EDMONTON – The Alberta government introduced legislation to eliminate the standalone elections commissioner’s office.
The ruling UCP government said Bill 22 is aimed at eliminating unnecessary government spending, improve the efficiency and oversight of public agencies and increase the value of taxpayer investments.
Our government promised Albertans we would live within our means.”Travis Toews, Minister of Finance
“Our government promised Albertans we would live within our means,” said Travis Toews, Minister of Finance Monday. “Bill 22 ensures publicly owned enterprises and agencies, boards and commissions provide the best value to the taxpayer and deliver the results Albertans expect,”
Opposition Leader Rachel Notley, however, called the move “corrupt” and an attack on democracy.
“In Bill 22, Jason Kenney has proposed to fire the very individual investigating the UCP leadership race for fraud,” said Notley in a statement Monday.
This is unprecedented. It’s the most corrupt action I have seen taken by a political leader in Canada.”Opposition Leader Rachel Notley
“This is unprecedented. It’s the most corrupt action I have seen taken by a political leader in Canada.”
The former NDP government created the commissioner’s role after introducing new rules banning union and corporate donations and limiting campaign contributions.The former NDP government created the commissioner's role after introducing new rules banning union and corporate donations and limiting campaign contributions. Click To Tweet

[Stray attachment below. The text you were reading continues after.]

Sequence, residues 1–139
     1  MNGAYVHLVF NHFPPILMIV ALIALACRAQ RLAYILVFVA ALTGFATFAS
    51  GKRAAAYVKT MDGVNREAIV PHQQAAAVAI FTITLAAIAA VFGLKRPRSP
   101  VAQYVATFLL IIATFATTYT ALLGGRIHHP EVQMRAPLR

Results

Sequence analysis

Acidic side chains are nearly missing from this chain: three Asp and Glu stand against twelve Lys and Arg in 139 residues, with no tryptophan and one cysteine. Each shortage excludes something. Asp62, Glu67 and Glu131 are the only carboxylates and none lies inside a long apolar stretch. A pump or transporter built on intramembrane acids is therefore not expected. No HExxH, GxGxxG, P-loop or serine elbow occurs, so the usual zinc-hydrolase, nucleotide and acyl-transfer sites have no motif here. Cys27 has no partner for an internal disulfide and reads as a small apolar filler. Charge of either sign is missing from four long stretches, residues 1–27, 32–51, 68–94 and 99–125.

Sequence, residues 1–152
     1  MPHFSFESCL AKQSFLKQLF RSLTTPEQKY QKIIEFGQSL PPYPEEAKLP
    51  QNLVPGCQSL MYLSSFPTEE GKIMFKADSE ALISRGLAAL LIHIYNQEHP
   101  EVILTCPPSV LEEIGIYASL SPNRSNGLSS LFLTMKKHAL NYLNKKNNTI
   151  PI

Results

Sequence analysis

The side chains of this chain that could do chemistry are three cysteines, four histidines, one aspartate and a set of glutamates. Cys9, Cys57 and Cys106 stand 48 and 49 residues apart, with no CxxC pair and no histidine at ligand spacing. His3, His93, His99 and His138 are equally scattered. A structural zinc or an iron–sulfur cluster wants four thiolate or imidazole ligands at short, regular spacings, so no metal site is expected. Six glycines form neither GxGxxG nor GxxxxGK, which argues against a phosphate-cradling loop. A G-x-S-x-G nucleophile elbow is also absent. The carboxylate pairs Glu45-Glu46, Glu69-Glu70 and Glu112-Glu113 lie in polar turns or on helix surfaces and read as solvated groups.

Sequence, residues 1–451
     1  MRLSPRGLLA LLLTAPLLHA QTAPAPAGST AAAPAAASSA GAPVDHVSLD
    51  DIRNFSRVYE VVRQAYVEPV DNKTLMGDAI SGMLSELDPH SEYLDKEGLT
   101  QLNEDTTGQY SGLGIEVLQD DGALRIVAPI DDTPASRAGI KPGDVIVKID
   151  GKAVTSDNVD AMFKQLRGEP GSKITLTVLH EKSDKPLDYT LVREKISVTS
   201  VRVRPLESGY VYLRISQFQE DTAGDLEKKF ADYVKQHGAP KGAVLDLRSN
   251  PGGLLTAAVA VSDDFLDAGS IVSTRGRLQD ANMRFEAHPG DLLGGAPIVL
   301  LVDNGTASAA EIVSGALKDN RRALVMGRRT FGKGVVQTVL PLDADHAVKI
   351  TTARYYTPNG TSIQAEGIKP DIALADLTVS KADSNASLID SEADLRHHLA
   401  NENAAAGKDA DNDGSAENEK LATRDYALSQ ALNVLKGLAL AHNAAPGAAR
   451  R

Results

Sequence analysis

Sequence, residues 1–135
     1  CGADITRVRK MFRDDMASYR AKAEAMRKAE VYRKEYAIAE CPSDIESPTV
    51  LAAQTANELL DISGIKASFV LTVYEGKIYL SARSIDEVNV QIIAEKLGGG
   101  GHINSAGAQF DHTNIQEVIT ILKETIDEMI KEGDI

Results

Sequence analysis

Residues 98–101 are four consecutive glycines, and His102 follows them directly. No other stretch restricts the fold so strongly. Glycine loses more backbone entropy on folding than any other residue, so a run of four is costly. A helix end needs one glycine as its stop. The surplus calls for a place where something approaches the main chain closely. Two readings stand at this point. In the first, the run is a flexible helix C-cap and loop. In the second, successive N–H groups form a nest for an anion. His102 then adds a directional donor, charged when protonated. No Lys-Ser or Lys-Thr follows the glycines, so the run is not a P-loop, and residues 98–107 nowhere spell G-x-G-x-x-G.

The independent officer of the legislature has already levied $211,000 in penalties against people and organizations involved with Jeff Callaway’s campaign. Callaway ran for the UCP leadership in 2017.
The Callaway campaign allegedly funnelled money to Callaway so he could allegedly smear Brian Jean, a former Wildrose Party Leader, who was also in the leadership race. The alleged aim was to have Callaway question Jean’s record and allow now Premier Jason Kenney to stay above the fallout.
The commissioner’s 2018-19 annual report said that from July 2018 to March 2019, his office received 451 complaints with 74 complaints resulting in investigations that led to 44 offences found by 36 people or organizations.
Bill 22, the Reform of Agencies, Boards and Commissions and Government Enterprises Act, would allow election commissioner Lorne Gibson to be fired and his staff transferred to the office of Alberta’s chief electoral officer.
If Bill 22 passes, the chief electoral officer would be responsible for hiring a new elections commissioner to monitor campaign donation rules. A new chief electoral officer or commissioner wouldn’t be obligated to continue any investigations that Gibson has underway.
Like and follow us on Facebook
Keep up with Alberta’s top stories Follow us on TwitterFollow @AlbertaPress